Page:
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Solar storm will leave the Earth without the Internet: "NASA's statement" made a splash online, but in vain

Dmytro IvancheskulLife
Solar flares can be dangerous for the Earth, but they won't leave us without the internet. Source: NASA/collage by OBOZREVATEL

Social media has once again seen an epidemic of new sensationalist "NASA's statement" claiming that a powerful solar flare will leave humanity without the internet. Of course, no such statement actually exists, and the article is purely clickbait.

According to Space, the possibility that a powerful solar flare could damage undersea Internet cables was first discussed in a 2021 article "Solar Storms: Planning for the Internet Apocalypse".

It did suggest that such an incident was possible, but did not say that it was likely to happen in the near future. It should also be added that, despite the fact that the study was presented two years ago, it has never been published in a peer-reviewed journal. This suggests that researchers have some questions about the methods or conclusions of the study.

However, this does not prevent fans of hot sensations from retelling the article on behalf of NASA. The article, which has begun to circulate on the Internet, states that a super-powerful solar flare is expected in the next decade, which will cause a global Internet blackout.

NASA, of course, did not make any statements about the imminent "Internet apocalypse".

Most texts refer to an article published by the space agency in March about its efforts to predict solar storms using artificial intelligence. There is no mention of the Internet apocalypse. And the only scientific source to ever mention the term is the same 2021 article whose author, Sangeeta Abdu Jethi, recently told The Washington Post that she regretted using the phrase and that her work "has gotten too much attention."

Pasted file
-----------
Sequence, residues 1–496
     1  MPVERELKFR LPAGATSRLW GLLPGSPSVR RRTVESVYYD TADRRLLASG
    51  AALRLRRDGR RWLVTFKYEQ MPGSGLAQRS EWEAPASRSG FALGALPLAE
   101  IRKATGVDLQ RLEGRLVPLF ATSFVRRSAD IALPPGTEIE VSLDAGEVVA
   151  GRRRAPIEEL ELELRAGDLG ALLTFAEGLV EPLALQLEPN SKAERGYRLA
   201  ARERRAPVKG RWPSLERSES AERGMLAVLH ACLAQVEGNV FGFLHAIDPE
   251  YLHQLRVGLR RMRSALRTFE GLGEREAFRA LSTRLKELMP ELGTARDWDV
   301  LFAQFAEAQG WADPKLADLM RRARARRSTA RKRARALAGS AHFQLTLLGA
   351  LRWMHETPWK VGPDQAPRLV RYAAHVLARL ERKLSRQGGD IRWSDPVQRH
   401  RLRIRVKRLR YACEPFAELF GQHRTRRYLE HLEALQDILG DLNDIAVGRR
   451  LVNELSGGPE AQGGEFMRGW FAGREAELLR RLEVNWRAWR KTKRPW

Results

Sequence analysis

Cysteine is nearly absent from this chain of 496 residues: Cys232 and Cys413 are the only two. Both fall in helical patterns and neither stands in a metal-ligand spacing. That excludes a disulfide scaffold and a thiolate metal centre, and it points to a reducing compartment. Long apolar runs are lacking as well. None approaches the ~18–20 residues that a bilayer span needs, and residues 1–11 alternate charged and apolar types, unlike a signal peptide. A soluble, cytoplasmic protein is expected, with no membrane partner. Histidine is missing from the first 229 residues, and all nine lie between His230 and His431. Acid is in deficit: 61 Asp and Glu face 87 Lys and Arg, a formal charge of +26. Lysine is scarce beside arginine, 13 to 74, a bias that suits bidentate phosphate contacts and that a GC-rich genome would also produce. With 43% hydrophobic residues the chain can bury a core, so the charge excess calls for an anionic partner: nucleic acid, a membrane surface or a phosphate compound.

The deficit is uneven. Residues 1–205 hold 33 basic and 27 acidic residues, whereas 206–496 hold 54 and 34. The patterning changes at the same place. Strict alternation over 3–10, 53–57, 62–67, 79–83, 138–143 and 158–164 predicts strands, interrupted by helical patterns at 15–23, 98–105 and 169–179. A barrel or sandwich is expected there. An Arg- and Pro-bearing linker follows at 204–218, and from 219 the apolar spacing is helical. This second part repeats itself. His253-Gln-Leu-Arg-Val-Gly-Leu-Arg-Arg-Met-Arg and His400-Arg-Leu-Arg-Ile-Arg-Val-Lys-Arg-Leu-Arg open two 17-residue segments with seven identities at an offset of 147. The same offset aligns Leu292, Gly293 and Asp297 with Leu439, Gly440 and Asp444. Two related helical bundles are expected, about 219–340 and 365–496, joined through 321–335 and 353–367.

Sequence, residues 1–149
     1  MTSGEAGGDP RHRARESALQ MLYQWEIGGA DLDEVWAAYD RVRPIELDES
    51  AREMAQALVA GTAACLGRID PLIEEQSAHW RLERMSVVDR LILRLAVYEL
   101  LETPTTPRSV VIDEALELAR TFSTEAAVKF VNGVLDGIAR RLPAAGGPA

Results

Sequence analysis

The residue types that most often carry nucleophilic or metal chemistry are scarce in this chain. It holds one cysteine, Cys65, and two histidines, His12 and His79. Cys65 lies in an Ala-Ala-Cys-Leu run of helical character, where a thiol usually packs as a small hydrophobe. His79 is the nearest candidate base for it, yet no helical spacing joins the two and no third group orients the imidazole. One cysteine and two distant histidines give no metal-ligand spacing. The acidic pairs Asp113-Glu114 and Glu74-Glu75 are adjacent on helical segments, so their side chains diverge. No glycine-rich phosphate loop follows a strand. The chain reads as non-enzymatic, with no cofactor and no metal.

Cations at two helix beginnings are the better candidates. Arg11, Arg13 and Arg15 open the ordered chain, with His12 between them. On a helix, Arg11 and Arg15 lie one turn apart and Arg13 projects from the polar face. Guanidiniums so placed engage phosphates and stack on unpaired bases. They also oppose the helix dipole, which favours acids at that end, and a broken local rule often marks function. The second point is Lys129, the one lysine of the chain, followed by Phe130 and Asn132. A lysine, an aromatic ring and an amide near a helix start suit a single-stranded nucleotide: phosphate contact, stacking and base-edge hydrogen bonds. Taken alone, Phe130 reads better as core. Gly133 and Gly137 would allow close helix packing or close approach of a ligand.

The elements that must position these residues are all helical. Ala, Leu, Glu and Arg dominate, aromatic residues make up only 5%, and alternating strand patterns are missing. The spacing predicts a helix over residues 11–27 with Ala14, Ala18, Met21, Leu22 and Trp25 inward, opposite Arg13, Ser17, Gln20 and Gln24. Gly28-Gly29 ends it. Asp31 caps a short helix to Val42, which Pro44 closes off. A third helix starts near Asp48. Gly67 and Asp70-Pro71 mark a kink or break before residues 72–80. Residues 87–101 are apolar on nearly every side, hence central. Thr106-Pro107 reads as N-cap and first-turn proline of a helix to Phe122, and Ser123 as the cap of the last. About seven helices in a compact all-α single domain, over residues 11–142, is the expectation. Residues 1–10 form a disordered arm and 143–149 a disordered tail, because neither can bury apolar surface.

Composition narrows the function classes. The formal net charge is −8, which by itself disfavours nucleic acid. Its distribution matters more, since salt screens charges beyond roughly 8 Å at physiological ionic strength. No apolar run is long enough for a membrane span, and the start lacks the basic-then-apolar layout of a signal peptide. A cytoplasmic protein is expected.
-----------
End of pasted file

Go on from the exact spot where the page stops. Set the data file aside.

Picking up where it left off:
While the sun may indeed reach its peak in the near future, there are no credible sources to suggest that it could leave people without internet.

Predictions that a solar flare could wipe out life on Earth are also untrue, as is the idea that such a deadly storm will occur in 2025.

Vishal Upendran, a researcher at Lockheed Martin's Solar Energy and Astrophysics Laboratory in California, explains that it is difficult to predict the severity of the damage that solar storms can cause to the Earth. According to him, both the processes on the Sun and their subsequent interaction with the Earth's magnetic field system are difficult to model.

"These are complex systems, and it would be wrong to make decisive statements about the occurrence of any superstorms," Upendran stressed.

The scientist and his team have developed an artificial intelligence model that uses satellite data on solar wind to create forecasts of solar storms 30 minutes before they occur.

"The main advantage of our model is that it can make predictions in seconds and gives results every minute with a time horizon of 30 minutes," the scientist said.

Such forecasts may be useful in the event of increased solar activity, which, according to official forecasts of the US National Oceanic and Atmospheric Administration (NOAA), will occur in July 2025, when the Sun's magnetic activity, which causes sunspots and flares, will reach its peak.

Earlier, OBOZREVATEL also told about the spread of fake news that scientists will establish contact with a parallel universe in the coming days.

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